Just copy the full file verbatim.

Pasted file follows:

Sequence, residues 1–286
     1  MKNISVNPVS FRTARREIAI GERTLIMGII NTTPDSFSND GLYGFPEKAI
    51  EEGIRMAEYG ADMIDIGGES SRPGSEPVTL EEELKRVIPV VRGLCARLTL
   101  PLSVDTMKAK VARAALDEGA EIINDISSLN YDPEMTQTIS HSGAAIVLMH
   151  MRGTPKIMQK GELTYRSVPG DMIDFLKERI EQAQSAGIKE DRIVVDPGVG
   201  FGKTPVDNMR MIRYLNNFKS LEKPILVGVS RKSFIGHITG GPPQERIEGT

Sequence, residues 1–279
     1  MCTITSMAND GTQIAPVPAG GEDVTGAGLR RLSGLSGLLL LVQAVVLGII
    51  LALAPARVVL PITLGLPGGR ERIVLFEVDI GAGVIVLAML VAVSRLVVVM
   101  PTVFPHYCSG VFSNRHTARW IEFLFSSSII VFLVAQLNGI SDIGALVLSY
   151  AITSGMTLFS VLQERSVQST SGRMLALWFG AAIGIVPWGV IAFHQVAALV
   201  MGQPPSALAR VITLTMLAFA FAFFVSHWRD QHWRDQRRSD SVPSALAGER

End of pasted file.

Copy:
Sequence, residues 1–286
     1  MKNISVNPVS FRTARREIAI GERTLIMGII NTTPDSFSND GLYGFPEKAI
    51  EEGIRMAEYG ADMIDIGGES SRPGSEPVTL EEELKRVIPV VRGLCARLTL
   101  PLSVDTMKAK VARAALDEGA EIINDISSLN YDPEMTQTIS HSGAAIVLMH
   151  MRGTPKIMQK GELTYRSVPG DMIDFLKERI EQAQSAGIKE DRIVVDPGVG
   201  FGKTPVDNMR MIRYLNNFKS LEKPILVGVS RKSFIGHITG GPPQERIEGT

Sequence, residues 1–279
     1  MCTITSMAND GTQIAPVPAG GEDVTGAGLR RLSGLSGLLL LVQAVVLGII
    51  LALAPARVVL PITLGLPGGR ERIVLFEVDI GAGVIVLAML VAVSRLVVVM
   101  PTVFPHYCSG VFSNRHTARW IEFLFSSSII VFLVAQLNGI SDIGALVLSY
   151  AITSGMTLFS VLQERSVQST SGRMLALWFG AAIGIVPWGV IAFHQVAALV
   201  MGQPPSALAR VITLTMLAFA FAFFVSHWRD QHWRDQRRSD SVPSALAGER